• Motivation. The most important element is the desire to get out of the car and do a good thing for oneself and the planet.
That’s about it. Of course, a person can get much more elaborate if they so choose, but the fact is, bike commuting is a simple activity that doesn’t require much in the way of specialized equipment or training. 

Sunday, October 28, 2012

Gunnar Roadie - Project Bike - 2nd ride on a windy day

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Gunnar Roadie

With a cool front blowing in from the west and a major storm brewing off of the North Carolina coast these combined to  make today a windy day to ride a bicycle. I headed out to try and make the group ride that was leaving from Lewisville. I was running a little late and when I got on the road and started battling into a head wind, I thought I probably wasn't going to make it there in time. Sure enough when I arrived at the Lewisville Town Square the group of riders had already left. 

I was feeling good and enjoying riding the Gunnar Roadie, so I didn't even slow down at the town square, and just headed on for the community of East Bend, NC. I'm still making adjustment to the fit of the Gunnar Roadie and as I rolled through East Bend I was deciding on where and what adjustments to make to the Roadie. I knew I wanted to roll the handlebar down some and was looking for a good spot to make the adjustment. I pulled off to the side of Smithtown Road and got out my multi-tool to make the adjustment. Just as I was loosening the stem bolts to roll the bar down a bit, a lone rider passed by hunched low over his handlebars and pedaling hard straight into the head wind. I rolled my bars down some and tighten the handlebars in a hurry. I wanted to catch up to the rider who had just passed so we could work together and make our progress easier into the headwind. Once I reeled him in I sat in his draft. He pulled for a while and then pulled off. I haven't gotten around to putting a computer on the Gunnar Roadie and didn't know how fast we were going. I was trying to hold a steady pace on the front while he was drafting and wanted to do my share of the work. As the road turned we really were headed directly into a headwind. I clicked to an easier gear on the back of the Gunnar and picked my cadence up a bit. After I felt I had pulled for a fair distance I pulled off of to the left. The other rider pulled along side and said "I don't mind pulling, but I'm not going to be holding a steady 24 mph the way you have been doing. I was pleasantly surprised at how well the Gunnar Roadie had been performing. I didn't feel like I was working very hard or going very fast. The Roadie is just such a smooth and stable riding bike that it surprises me. I had been enjoying the bike's great ride and handling from the first pedal stroke of today's ride. At this point I introduced myself to my riding partner and asked his name and destination. He told me his name is Joe and that he was turning left at the bottom of Richmond Hill and heading to his home in Booneville, NC. We chatted awhile and then he turned left just before we reached the Rockford Bridge. I turned right onto an unpaved road to try the Gunnar Roadie out on a surface other than pavement.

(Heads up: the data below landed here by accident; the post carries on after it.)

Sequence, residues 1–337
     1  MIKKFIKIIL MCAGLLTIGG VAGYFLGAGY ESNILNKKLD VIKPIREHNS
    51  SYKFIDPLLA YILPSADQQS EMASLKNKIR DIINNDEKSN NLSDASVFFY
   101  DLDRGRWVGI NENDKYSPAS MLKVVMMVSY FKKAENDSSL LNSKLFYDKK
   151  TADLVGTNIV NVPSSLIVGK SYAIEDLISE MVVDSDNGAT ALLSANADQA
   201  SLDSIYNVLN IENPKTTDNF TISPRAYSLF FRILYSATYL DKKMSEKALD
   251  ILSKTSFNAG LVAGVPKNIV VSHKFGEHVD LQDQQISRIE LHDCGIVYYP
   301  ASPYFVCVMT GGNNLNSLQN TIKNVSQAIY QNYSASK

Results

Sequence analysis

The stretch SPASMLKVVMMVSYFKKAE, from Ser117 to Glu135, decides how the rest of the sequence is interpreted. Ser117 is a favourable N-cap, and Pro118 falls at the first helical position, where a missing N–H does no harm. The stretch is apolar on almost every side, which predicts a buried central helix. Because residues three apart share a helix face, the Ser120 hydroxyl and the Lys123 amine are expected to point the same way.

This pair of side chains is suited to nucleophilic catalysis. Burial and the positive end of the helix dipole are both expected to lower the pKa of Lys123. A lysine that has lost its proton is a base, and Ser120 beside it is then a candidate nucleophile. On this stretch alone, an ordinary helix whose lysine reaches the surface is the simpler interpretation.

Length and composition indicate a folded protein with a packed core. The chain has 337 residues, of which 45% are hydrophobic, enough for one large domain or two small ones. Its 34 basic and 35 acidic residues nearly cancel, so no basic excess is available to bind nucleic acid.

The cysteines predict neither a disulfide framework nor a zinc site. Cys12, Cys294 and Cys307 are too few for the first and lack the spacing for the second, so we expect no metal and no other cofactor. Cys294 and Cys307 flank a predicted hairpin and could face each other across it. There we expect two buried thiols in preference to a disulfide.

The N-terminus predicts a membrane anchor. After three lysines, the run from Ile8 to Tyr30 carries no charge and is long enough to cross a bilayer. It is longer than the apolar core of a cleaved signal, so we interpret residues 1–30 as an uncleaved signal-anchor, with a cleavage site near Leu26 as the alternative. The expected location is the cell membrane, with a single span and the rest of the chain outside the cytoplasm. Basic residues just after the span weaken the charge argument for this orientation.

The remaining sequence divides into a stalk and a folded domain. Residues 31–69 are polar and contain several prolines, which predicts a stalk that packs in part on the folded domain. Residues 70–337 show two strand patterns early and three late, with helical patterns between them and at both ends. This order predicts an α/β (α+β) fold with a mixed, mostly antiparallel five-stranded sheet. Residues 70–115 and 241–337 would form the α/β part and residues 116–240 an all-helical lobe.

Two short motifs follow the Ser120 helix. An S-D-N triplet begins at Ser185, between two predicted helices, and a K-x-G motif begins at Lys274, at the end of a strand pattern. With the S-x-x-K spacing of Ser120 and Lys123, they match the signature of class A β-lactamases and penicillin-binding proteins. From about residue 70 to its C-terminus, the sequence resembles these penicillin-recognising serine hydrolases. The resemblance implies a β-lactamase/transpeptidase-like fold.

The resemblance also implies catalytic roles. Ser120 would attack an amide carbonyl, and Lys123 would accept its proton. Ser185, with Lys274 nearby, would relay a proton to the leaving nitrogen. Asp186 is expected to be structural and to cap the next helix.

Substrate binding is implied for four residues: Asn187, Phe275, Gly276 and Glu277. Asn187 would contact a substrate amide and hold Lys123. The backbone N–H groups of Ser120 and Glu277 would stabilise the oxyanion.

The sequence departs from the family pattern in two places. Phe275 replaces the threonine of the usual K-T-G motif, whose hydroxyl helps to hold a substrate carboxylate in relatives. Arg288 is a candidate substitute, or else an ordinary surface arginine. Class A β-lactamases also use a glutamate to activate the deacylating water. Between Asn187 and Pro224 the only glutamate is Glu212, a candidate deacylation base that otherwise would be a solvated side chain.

This is what the dirt road looks like that runs along the river as seen from the Gunnar Roadie.
The Gunnar Roadie performed as well as I could hope for on the dirt road. I always enjoy a little bit of adventure like this one. As I was riding back up towards the paved road and the Rockford Bridge when I saw three riders crossing the bridge. They were headed the way I was planning on going. Towards Rockford and the Rockford General Store. I picked up my pace to see if I could catch up with them at the store. I knew the rest of my ride would be much more enjoyable with company. 
The bikes on the porch of the Rockford General Store.

When I arrived at the store I was glad to see three bikes parked along the store's front porch. I found a place where the Gunnar Roadie would not be likely to be knocked over and headed for a restroom break. The Rockford General Store has been a favorite cycling destination for me for over 20 years. Not to many years ago the owners did a fabulous job of renovating the restrooms. The store offers great food, a wonderful atmosphere and a perfect front porch to take a break on. What more could one look for while on a bike ride?
The Gunnar Roadie in good company on the front porch of the Rockford General Store.

This is the sink in the men's restroom. I know this is a strange thing to take a photo of but  I always get a kick out of this sink. When you push down a button behind the wash tub, that serves as the sink, water flows out of the red pump into the wash tub. There is a drain in the bottom of the old wash tub.

Anytime I go into a store and they have an antique Coca-Cola drink box like this one I have to have a small bottle of coke like the ones picture on the front of the drink box.

My ice cold Coca-Cola. Just like the good ole days!